In 2010, U.S. businesses with paid employees numbered 7.4 million, a decline of 36,800 establishments from 2009, marking the third consecutive year of decline, according to the U.S. Census Bureau. In comparison, between 2008 and 2009 there was a decline of 168,000 establishments.
These findings are from County Business Patterns: 2010, which provides the only detailed annual information on the number of establishments, employees, and first-quarter and annual payroll for most of the 1,100 industries covered at the national, state and county levels. The statistics are broken down according to employment-size classes (for example, number of establishments with one to four employees) and legal form of organization (for example, corporations and partnerships).
In 2010, total employment from all sectors was 112.0 million, a decline of 2.5 million employees from 2009. In comparison, between 2008 and 2009 there was a decline of 6.4 million employees.
“This year’s release of the County Business Patterns shows the overall decline in employment is slowing,” said William G. Bostic Jr., associate director for economic programs at the Census Bureau. “In contrast, 2009 coincided with the height of the recession and showed higher declines in employment and establishments.”
Between 2009 and 2010, only Alaska showed a rise in employment from the previous year, having increased 0.7 percent. All other states showed declines in employment, led by Wyoming’s 4.5 percent decline from 2009.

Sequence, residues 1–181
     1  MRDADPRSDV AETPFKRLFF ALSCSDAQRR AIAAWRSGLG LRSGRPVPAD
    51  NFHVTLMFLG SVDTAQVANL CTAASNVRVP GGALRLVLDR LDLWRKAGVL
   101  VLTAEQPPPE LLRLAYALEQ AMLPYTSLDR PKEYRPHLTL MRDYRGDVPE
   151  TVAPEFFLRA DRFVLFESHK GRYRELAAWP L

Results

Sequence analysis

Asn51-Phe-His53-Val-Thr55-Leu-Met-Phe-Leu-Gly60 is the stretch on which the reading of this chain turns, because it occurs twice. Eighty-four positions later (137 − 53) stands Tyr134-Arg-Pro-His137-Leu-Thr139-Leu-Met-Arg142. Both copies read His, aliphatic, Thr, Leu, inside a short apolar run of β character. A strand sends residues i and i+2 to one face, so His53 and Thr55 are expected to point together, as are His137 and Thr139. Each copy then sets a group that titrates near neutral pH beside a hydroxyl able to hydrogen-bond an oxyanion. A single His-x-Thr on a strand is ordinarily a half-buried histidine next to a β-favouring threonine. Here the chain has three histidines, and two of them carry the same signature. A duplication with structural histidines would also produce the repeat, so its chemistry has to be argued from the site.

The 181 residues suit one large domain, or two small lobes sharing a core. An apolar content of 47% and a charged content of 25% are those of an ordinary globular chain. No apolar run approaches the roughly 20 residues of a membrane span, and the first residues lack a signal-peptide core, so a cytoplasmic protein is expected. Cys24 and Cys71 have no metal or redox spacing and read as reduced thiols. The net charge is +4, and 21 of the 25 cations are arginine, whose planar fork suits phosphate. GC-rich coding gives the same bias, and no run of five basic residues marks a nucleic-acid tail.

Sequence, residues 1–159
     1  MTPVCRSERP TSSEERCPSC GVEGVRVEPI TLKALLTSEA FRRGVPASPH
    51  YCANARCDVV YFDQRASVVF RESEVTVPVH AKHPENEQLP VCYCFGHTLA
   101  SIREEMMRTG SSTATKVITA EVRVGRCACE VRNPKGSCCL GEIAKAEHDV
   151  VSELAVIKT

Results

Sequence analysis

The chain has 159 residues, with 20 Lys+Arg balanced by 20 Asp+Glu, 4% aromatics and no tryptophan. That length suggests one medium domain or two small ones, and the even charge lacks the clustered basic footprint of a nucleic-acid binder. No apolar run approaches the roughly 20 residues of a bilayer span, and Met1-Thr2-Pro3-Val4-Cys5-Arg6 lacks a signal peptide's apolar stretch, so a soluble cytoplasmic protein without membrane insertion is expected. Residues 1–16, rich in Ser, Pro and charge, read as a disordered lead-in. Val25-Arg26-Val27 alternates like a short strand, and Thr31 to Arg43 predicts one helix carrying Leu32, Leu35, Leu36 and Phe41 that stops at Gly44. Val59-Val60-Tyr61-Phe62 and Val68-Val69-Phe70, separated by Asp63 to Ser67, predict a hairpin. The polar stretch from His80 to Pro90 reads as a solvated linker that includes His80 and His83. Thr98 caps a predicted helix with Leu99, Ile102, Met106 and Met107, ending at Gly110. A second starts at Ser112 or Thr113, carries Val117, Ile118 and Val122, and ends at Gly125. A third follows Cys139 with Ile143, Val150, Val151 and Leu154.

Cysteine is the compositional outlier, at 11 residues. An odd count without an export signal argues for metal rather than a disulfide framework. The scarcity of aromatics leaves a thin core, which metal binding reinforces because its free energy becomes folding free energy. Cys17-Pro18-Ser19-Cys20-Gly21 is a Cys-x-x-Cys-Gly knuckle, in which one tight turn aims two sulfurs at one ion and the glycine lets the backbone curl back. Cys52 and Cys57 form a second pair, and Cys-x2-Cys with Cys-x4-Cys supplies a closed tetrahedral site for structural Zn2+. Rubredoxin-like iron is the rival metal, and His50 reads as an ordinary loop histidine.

Among the top 50 counties in the United States by number of establishments, the largest decline in total annual payroll was Los Angeles County, Calif., with a decrease of nearly $2 billion. This was a decrease of 1.1 percent from 2009. Only Kings County, N.Y., showed an increase in the number of employees with an additional 4,400 from the previous year.
The retail trade sector had the highest number of establishments (1.1 million). Next were professional, scientific and technical services (851,506); health care and social assistance (812,860); other services (except public administration) (725,488); construction (682,684); and accommodation and food services (643,960).
The construction sector showed the largest percentage decline in establishments, decreasing 4.2 percent from 2009 to 2010. The finance and insurance sector had the second largest decline, falling 3.2 percent from 2009 to 2010. The remaining top five sectors that showed the largest decline in establishments were manufacturing (2.9 percent), management of companies and enterprises (1.4 percent), and wholesale trade (1.2 percent).
Among industries that showed an increase in establishments, both utilities and health care and social assistance saw the largest increase, rising 1.7 percent from the previous year. The remaining top five industries that showed the largest increase in establishments were educational services (1.5 percent); accommodation and food services (1.4 percent); and professional, scientific, and technical services (1.1 percent).